exported functions shell scripting

Most shells support "exported functions". For example, in the Bourne shell, you use "export -f", and ksh is "typeset -xf". But these are confusing:

If you define foo within your .kshrc (or whatever $ENV points at), the function is available at the command line to any invocation of ksh.

If you then mark it for export (typeset -xf foo), it becomes available to scripts, but it STILL not available to scripts beginning with #!/bin/ksh.

It is THAT part that is the source of the mind-boggling confusion: you can obviously see that as new ksh has the function, yet it won't work in a script that begins with #!/bin/ksh . The script does not have the function, as can easily be seen by putting "functions" into such a script: functions listed in /.kshrc will not be there.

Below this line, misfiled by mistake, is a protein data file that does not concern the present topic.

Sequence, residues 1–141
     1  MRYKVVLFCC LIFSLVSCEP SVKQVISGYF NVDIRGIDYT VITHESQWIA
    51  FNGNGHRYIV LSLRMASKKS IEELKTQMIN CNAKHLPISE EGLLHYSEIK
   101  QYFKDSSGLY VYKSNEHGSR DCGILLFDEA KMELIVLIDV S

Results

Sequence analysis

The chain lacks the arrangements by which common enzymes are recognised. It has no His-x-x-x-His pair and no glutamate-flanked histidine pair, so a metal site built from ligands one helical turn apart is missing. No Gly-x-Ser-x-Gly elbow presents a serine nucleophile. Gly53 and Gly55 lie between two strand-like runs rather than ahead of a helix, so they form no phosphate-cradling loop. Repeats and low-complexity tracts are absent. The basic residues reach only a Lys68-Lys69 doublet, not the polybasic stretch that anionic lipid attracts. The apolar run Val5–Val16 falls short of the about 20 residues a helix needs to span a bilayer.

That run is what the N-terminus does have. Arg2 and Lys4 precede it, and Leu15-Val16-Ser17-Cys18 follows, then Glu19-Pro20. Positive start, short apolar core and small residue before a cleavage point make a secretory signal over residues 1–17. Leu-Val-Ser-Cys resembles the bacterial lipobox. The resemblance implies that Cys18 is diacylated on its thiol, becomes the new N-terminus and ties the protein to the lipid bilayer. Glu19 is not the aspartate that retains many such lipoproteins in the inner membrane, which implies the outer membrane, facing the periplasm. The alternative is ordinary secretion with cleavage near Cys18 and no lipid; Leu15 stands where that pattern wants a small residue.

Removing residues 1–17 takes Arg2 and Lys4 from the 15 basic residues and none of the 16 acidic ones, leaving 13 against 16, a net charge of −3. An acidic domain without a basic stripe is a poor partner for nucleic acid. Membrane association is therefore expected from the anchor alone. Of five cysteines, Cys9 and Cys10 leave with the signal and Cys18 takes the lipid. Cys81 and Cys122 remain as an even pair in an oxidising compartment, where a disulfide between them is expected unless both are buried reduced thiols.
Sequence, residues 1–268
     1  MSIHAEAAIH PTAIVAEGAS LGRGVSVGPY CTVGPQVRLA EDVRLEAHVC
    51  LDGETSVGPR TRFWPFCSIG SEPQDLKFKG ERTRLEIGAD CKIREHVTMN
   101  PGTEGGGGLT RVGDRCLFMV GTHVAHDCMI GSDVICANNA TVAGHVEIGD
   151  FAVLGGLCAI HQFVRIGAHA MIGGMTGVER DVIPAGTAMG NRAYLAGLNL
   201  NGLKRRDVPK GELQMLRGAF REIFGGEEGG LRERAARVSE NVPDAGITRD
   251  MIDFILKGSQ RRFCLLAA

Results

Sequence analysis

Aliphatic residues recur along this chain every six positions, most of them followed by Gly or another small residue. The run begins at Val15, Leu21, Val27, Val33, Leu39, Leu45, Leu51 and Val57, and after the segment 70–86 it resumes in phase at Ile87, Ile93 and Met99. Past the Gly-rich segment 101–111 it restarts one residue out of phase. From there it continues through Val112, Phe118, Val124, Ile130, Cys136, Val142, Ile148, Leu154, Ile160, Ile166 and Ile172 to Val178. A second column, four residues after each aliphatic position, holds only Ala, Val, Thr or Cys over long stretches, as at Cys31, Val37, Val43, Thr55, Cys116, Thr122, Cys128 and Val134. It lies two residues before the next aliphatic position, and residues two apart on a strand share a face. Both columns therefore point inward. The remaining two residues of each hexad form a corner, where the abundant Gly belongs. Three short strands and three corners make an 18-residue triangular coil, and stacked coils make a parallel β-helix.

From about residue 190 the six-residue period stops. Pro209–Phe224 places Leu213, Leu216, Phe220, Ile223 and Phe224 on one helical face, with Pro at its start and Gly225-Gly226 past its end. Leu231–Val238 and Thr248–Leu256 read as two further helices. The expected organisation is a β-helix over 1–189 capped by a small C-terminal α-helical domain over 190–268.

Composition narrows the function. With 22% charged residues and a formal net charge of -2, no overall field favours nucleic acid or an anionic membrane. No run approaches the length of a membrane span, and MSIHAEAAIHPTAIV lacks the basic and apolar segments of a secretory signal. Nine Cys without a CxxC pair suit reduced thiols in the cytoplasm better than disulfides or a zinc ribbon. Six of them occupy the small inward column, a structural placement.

However- if you both define AND mark the function for export within the $ENV file, it then IS available to those scripts.

# kshrc
function foo 
echo "Hi there!"

typeset -xf foo

The reason these exported functions aren't usually available to scripts beginning with #! is because the kernel doesn't propogate them when it execs the script. Scripts without #! are forked, and the function would be passed.

Message-ID: <77gt84$6uv$1@remarQ.com>

discipline functions

A Kornshell "discipline" function ties a function to a variable, effectively creating a dynamic variable. In the example given below, $date becomes a variable that calls "date" when referenced.

$ function date.get { .sh.value=$(date); }
$ echo $date

You define the function using the desired variable name with the special ".get", ".set" or ".unset" appended. The special "sh.value" is assigned within the function; sh.name and sh.subscript are also defined. These pass their results back to your "variable.get".

More examples are shown at Examples of using "discipline" functions.

Bash does not have these discipline functions, probably because "echo $(date)" does the same thing with only a few more keystrokes.

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